Nuclear ramjets will be able to go pretty fast in a hydrogen atmosphere, and so might be useful for medium-haul travel, if you actually have need of such a thing. Nuclear jet engines might simply be a better alternative, because gas giants are big and interesting stuff will either be close (because that's where you build it) or far away (for whatever reason) and so there may be little need for a middle ground between boost-glide and scramjets and turbines. Up to you, though.
And as some responses to KeithS's excellent answer:
- Inert gas is of course readily available in the form of helium. There may be some mileage in your habitats and vehicles having an outer pressure hull of helium at slightly above both internal and external pressure. This makes it easier to keep your hard-to-replace atmospheric gasses like oxygen and nitrogen (and even carbon dioxide!) inside, because they can't simply leak into a higher-pressure buffer. In an emergency, helium can be dumped if it starts leaking into habitable areas, equalising pressures whilst leaks and scrubbers are fixed. It is easy enough to replace.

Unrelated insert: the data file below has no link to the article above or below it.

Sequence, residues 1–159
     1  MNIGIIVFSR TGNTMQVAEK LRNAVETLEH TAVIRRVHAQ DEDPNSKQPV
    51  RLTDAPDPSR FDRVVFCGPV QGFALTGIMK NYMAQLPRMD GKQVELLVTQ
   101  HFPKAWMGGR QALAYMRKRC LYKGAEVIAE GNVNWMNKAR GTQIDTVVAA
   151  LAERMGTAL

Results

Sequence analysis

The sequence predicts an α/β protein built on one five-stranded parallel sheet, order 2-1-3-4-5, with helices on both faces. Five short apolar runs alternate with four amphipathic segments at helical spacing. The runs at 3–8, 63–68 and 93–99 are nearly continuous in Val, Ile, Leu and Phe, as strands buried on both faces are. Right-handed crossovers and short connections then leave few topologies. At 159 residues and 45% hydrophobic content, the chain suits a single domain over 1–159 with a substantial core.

- Building and maintaining a network of JPS satellites is an excellent idea, but for safety reasons you might consider having atmospheric positioning systems too, because if TSHTF it could be very, very difficult to fly up into orbit to replace or repair infrastructure. It might even be easier to do some of this stuff on Jupiter because lines of sight at so very long... there's a reduced need for clever over-the-horizon low-frequency things like LORAN when it may well be possible to use VHF-based marker beacons, driven by fusion reactors for high power, with vast ranges. After all, gas giants are likely to be sparsely populated, and whilst mobile beacons don't help with global navigation, most navigation is likely to be local anyway and a suborbital hop can point in the approximate direction of another habitat's marker beacon cloud and targeting can be refined as a fix is acquired.